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Botanical illustration tips on painting white flowers

white flowers
Painting White flowers: A problem needing a solution

I was painting a snowdrop the other day, and wrestling, as always, with the best way to paint the petals of white flowers. There are as many different approaches to this troublesome aspect of botanical illustration as there are scientific illustrators; so I thought it’d be worth considering.

snowdrop
Sketchbook study of a Snowdrop Galanthus nivealis

 

 

Place a leaf behind the white flower

A handy trick in the first instance, especially if the flower you’re painting is startling white, is to use the leaves as a background.  This can set the white off really dramatically, and means you can leave the white more or less untouched.  You do have to be a little careful not to make the composition look too awkward by twisting the leaves around, but it can be really useful.

white flowers
White flowers with leaves behind; passion flower, Lily of the valley, and Hawthorn

 

Add a pale background

Another trick also involves using backgrounds, but in this case a background wash.  All the images below are from my sketchbook studies rather than from finished paintings.  I tend to favour a background mix of Windsor blue, a purple, and a touch of brown.  Apply it to the edge of the petals, then add water to bleed it outwards.  You can use whatever colour background wash you’d like for this approach, just be sure to keep it gentle and to fade it outwards.

white flowers
White flowers against a pale coloured background

 

Colour on the white petals

Sometimes, though, you can’t evade the issue, and have to paint the white petals against a white background.  A very light pencil can give a clear, neutral enclosing line to give the petals their shape.  When using colour, the trick is to keep it light when you apply it.  Do trials first to see what colour most closely matches the white in the shadows of the petals.  It may be a greenish hue as with this oxeye daisy.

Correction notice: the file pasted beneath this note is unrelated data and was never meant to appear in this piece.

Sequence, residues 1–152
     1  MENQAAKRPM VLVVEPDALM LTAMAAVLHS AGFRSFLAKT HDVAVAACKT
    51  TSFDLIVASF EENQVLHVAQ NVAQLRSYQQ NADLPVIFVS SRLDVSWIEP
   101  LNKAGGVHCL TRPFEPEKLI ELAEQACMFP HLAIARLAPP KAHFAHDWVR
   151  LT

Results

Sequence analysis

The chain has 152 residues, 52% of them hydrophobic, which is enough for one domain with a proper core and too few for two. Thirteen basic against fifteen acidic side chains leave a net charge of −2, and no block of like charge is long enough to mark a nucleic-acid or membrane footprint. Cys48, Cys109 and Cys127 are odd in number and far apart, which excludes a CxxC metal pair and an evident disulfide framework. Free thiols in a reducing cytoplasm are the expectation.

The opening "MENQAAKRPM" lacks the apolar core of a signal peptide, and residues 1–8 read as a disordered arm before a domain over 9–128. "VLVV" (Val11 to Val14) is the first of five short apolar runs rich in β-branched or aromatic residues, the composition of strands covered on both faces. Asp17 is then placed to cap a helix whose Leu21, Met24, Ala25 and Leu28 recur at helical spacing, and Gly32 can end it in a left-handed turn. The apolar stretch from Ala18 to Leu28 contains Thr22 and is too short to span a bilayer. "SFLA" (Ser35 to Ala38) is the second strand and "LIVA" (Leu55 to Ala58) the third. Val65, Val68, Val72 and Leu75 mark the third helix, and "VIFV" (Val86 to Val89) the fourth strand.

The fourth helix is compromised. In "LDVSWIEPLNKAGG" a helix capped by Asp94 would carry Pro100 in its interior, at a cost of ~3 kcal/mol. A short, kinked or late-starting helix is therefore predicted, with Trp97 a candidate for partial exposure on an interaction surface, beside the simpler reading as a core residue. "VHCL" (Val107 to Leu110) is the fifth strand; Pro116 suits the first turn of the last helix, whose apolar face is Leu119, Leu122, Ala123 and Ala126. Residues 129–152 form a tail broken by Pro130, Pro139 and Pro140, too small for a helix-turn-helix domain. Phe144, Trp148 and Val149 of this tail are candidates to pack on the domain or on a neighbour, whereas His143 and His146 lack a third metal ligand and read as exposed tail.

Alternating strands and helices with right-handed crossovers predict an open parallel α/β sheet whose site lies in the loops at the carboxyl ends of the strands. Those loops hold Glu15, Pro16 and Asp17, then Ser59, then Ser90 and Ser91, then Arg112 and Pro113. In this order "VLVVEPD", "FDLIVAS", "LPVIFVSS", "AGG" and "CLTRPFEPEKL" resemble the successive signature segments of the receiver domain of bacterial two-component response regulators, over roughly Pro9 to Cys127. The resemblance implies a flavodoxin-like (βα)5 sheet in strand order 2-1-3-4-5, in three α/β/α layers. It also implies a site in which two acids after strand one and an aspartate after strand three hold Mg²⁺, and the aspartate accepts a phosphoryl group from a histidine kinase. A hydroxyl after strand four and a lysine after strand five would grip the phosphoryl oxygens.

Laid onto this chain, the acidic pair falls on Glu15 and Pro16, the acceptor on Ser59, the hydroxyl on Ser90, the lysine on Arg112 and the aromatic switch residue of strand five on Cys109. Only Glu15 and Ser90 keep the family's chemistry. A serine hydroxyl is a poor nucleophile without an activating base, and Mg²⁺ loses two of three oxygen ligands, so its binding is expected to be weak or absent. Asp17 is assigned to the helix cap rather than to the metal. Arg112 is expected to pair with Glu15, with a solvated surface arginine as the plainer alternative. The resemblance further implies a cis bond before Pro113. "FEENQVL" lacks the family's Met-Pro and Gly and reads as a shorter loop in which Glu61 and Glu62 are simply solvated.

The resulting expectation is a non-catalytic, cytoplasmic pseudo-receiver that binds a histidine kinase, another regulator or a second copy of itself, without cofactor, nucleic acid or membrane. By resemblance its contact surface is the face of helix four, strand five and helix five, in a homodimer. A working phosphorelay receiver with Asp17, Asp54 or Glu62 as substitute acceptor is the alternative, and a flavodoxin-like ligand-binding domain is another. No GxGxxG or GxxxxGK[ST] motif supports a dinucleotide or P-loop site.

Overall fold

daisy
Ox eye daisy

 

Perhaps it’ll be an ochre, as on the stem and stamens of this autumn crocus.

crocus
Autumn crocus

 

Some white petals help by being tinged with a colour, as with these daisies.

 

wild flowers
Daisy and violet illustratio

 

Painting whites: Looking at other botanical illustrators
Buttonhole by Christina Hart-Davies

 

It’s also interesting to see how other illustrators have tackled the same issues; look for background washes, use of foliage, pencil lines for petal edges, and very light use of pinks, greens and blues in the paintings of Chris Hart Davies, Helga Powell and Jo Glover.

Blackthorn by Helga Powell

 

Wood anemone by Jo Glover

 

4 comments

  1. This is an area where having the specimen makes a ton of difference. I find if I put a white object physically on bright white paper (perhaps not actually watercolor paper depending on the brand, some are quite off white) and really look it almost always either has a color, or reflects a color. Sometimes it helps to close your eyes for a minute and then look again. Push comes to shove and looking at the cast shadow for color then diluting that will allow the barest of outline while still looking natural.

    1. Oh yes, getting whites right from photo ref is a nightmare, I agree entirely. That’s a great tip, the diluting of the shadow colour. Sometimes I wish I had a “colour picker” tool for real life, like they do in photoshop, especially when it comes to ascertaining the precise hue of a shadow. With whites, indeed they almost always do have some colour. The trick is to keep it clean, that’s where I sometimes mess up. I get too involved in the minute colours on the petal and before you know it the whole flower looks grubby. I guess less is more. The echoing of the shadow is a lovely tip, I’ll remember to try that one. Thanks!

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Lizzie Harper